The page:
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Abraham Lincoln: Vampire Hunter
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Touki Bouki: The Journey of the Hyena
The Strange Affair of Uncle Harry
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Eye Myth (Stan Brakhage, 1967)
Eye Myth, at nine seconds long, is the shortest film made by the late avant-garde master Stan Brakhage, but painted onto its densely packed frames one can find numerous possible meanings. One seemingly valid reading would be to view it as a concise, but complete, visceral creation myth. After the title, which has been etched directly into the celluloid as in most of Brakhageís films, the first frames of Eye Myth are pure white. Suddenly, from that blankness springs a deluge of colors and shapes, seemingly random at first, with each frame a radical change from the last. From that instantaneous burst of chaos form discernable patterns, and from it surfaces, fully formed, the image of a man seated in a room. He subsides back into the commotion, and then reemerges, walking in a city street. Never does he become so defined that he escapes association with the flurry of colors that surrounds him. After we understand him as a figure within that context, he, along with the colors that seemed to sustain him, flicker and fade to black, ending the filmís brief life cycle. In that respect, it is a self-centered portrait, revolving its entire story around the existence of one individual, but in its mini-narrative it reveals something inescapable about the egotism of such myths.
Perhaps a better interpretation, because it relies less on awareness of external modes of folklore, would be to look at Eye Mythís way of seeing as a meditation on our own. In the confusion of what we see in the world around us, we have no choice but to create order and ascribe meaning. When we finally get a glimpse of something we can understand (in the case of Eye Myth, the man) we seize upon it and begin to construct a narrative around it. In life as in the film, the things that we canít explain become subservient to the meanings of the ones that we can, so that we might reconcile ourselves somehow with their mysterious existence. The mode of natural selection that occurs when we see what we choose to see of the world is at once a defense mechanism constructed to save us from information overload and the very definition of the personal experience that creates the self. As the title implies, however, any semblance of total understanding of the world is a myth, continually perpetuated by the egoís willingness to project itself on the world around it. Nonetheless, because Brakhage embraces that personal experience here and does not dogmatically imbue his images with a single, definitive meaning, itís rather likely that every viewer will find their own interpretation, whether it be one thatís profound, based entirely on the filmís aesthetics, or essentially meaningless.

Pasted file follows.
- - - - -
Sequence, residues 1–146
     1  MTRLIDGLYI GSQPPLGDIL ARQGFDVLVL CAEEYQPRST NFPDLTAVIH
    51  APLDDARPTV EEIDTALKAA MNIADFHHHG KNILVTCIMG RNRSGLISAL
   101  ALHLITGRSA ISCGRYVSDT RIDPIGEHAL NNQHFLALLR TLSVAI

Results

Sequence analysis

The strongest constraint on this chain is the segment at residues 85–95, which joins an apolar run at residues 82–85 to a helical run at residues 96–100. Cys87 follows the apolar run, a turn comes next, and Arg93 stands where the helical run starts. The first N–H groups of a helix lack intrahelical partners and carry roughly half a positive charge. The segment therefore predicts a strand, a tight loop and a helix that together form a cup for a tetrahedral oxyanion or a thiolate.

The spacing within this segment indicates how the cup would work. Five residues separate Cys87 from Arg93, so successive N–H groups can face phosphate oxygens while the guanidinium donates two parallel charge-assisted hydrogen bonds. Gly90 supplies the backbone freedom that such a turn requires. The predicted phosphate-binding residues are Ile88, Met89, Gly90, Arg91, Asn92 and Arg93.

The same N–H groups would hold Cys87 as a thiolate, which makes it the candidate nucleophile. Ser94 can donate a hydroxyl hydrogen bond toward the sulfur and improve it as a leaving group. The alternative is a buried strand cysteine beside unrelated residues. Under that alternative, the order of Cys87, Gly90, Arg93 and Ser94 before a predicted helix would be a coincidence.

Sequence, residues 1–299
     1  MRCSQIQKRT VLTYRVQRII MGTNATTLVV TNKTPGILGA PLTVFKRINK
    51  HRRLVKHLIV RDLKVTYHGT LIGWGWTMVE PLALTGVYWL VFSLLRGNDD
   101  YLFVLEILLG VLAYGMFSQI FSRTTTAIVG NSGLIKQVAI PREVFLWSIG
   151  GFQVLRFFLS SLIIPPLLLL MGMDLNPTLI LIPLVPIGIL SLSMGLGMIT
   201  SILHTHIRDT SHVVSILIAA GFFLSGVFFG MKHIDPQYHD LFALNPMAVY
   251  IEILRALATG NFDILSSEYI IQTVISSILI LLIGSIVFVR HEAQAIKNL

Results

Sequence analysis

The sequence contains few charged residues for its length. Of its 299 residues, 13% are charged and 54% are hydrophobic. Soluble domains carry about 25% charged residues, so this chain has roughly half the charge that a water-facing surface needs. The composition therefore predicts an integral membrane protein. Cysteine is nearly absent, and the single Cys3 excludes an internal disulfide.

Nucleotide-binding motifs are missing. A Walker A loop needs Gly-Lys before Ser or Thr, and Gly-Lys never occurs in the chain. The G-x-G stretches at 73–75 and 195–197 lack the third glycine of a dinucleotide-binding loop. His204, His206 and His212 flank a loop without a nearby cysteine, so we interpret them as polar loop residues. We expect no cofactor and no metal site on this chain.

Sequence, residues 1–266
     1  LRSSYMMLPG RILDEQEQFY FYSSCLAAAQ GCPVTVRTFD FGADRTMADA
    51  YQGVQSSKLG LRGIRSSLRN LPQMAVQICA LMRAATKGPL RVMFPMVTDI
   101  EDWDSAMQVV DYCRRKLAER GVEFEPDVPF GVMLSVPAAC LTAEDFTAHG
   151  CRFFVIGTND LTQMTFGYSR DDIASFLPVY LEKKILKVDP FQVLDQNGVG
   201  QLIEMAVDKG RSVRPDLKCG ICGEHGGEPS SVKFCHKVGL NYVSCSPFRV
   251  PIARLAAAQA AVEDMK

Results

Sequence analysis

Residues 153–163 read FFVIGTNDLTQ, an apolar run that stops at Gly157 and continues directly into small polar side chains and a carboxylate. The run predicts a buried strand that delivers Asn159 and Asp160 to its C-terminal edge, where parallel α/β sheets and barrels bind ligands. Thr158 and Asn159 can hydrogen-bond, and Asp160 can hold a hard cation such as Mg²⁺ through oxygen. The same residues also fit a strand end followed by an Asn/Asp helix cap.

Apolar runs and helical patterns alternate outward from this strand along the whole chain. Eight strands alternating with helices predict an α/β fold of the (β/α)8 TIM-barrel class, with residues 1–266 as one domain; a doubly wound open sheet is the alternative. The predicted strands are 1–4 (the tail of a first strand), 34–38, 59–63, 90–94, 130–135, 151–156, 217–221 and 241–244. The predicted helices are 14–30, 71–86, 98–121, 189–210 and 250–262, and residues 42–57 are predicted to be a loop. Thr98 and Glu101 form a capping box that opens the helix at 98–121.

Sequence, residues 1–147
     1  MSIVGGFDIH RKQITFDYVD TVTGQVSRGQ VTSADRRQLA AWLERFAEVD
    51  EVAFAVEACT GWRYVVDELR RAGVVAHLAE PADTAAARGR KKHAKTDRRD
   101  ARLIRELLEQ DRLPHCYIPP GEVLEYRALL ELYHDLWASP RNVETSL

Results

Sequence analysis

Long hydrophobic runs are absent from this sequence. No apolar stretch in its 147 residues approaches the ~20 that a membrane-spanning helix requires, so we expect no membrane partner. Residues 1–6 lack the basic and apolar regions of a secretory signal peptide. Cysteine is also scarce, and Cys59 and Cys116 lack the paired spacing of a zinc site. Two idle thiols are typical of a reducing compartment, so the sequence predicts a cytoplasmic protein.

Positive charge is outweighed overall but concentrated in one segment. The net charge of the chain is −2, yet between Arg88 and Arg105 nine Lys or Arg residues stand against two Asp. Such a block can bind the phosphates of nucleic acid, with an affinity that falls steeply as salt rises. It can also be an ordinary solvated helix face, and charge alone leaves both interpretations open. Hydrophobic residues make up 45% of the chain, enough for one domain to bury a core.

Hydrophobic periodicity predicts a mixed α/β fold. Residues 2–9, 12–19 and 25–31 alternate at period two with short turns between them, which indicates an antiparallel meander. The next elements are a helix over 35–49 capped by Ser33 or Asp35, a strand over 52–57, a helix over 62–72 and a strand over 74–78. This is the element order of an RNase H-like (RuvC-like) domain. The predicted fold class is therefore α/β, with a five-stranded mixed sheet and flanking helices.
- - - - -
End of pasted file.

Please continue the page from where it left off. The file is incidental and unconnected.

The usual mode of theatrical presentation for Eye Myth consists of several successive viewings of the film, followed by a slowed down projection so that the audience can begin to appreciate the density of every frame. With the filmís release on DVD, technology finally allows one a chance to examine it at oneís own pace. Brakhage reportedly spent about a year conceptualizing and filming the nine second movie, but after youíve studied it, that hardly seems surprising. Several times, it shifts visual schemes and as Brakhage deconstructs the medium itself, asks us to deconstruct our responses. With multiple viewings, hopefully with the viewer approaching with different states of mind, other layers of meaning are revealed. Through familiarity, the experience of watching the film becomes something increasingly nebulous and conversational. Because of Brakhageís refusal to dictate meaning and his willingness to challenge the ways we perceive, the more you put into Eye Myth, the more it has to give you.